The Local Councils in the northern Homs Province have found themselves drowning amidst waves of public outcry over the continued lack of even the most basic services, like water, medicine, and electricity, in these areas. These councils and the institutions they set up to parallel those of the regime have to contend with an infrastructure mostly destroyed by fighting and the pullout of government services from the area.
Local Councils, like those in Homs, emerged over the course of the revolution as alternative to regime municipalities.The initial idea in February 2013, when councils were started by a group of Syrian specialists, was to help develop Syrian society by giving local communities power to administer their own affairs and resources. The Councils included members who had professional experience relevant to the council’s projects who were willing to volunteer their time. The work evolved over time from small charitable activities to an organized network of councils operating under the Interim Government based in Turkey.
However, the councils faced many difficulties in their work, most notably their lack of funding. A situation now exists where independent aid organizations and the councils compete to provide services to local residents.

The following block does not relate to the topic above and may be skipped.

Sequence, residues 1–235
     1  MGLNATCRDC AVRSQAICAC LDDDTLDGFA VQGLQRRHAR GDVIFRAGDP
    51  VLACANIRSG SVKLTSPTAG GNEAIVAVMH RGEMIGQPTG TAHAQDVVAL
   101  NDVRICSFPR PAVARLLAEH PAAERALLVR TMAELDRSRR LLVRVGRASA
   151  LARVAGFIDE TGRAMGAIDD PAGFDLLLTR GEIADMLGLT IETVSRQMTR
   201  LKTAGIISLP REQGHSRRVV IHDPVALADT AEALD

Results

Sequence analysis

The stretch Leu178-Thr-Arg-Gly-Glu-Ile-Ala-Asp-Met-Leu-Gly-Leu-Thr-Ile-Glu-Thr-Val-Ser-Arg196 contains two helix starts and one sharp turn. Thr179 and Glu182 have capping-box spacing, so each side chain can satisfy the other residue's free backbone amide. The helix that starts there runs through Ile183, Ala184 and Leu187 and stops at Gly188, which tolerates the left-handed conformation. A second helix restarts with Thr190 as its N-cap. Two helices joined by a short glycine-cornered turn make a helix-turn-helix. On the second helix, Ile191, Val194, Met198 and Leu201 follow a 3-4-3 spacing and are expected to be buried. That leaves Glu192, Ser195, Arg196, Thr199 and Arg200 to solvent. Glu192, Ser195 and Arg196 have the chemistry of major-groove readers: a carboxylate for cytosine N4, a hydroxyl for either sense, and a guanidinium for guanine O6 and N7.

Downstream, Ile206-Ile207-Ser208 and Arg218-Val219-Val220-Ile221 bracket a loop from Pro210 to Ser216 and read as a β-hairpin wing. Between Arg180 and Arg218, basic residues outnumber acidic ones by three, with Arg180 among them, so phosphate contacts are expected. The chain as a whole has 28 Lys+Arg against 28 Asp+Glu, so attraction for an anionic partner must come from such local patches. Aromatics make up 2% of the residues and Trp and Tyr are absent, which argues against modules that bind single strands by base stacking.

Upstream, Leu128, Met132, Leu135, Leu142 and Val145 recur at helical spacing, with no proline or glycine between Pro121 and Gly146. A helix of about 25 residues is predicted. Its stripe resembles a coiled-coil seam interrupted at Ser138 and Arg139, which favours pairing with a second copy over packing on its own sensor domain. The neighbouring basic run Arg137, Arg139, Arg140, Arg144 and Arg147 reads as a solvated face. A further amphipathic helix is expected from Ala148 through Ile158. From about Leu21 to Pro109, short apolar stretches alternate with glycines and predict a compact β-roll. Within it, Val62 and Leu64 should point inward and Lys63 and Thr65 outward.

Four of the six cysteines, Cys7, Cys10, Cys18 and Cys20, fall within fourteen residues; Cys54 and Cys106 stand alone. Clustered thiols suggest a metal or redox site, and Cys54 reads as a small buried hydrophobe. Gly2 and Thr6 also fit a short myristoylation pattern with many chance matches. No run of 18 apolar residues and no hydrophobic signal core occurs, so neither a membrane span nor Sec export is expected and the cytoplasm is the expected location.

Abu Mohammed, the breadwinner of a 7-person family, told the Syrian Voice, “there are shortcomings in the basic services the Local Councils provide to people. These include water, electricity, and bread. I have to pay SP10,000 every month to get bread and water from wells, which is a great deal of money especially given the tough living circumstances people around here contend with.”
In his view, aid organizations should be focused on populations like orphans, children, and other at-risk communities in the local community, and won’t be able to provide services for the community at large.
Faisal al-Azou, the head of the Local Council in the City of Rastan told the Syrian Voice “the Council here can no longer provide any services due to the regime siege on the city. Previously, we were responsible for providing basic service to 100,000 people.”
“All the projects we were implementing have stopped. The last project we had was running water pumps, but that stopped about two months ago,” added al-Azou. He noted that the Council’s had only SP25,000 left in a budget meant to service an entire city.
Beyond basic services, the Councils are meant to help with administrative and organization work, including handling the paperwork for business and real estate deals, as well as administering the buildings of the city’s institutes and the work of charitable organizations. This work, at least, the Councils have been to continue providing.
As organizations, Councils have been a constant since the beginning of the revolution, maintaining their basic organization despite a changing staff. This stands in contrast to other organizations which usually don’t operate for longer than a year before stopping, after which a new organization doing similar work replaces it.
Al-Azou doesn’t see why grand-making and aid organizations don’t provide more support for the Local Councils, as they exist in in an organization hierarchy with the Interim Government at the top. He thinks the Councils are qualified to take over implementation of any project serving residents, especially given the number of studies the Councils have carried out on development projects like pumping water and solar power.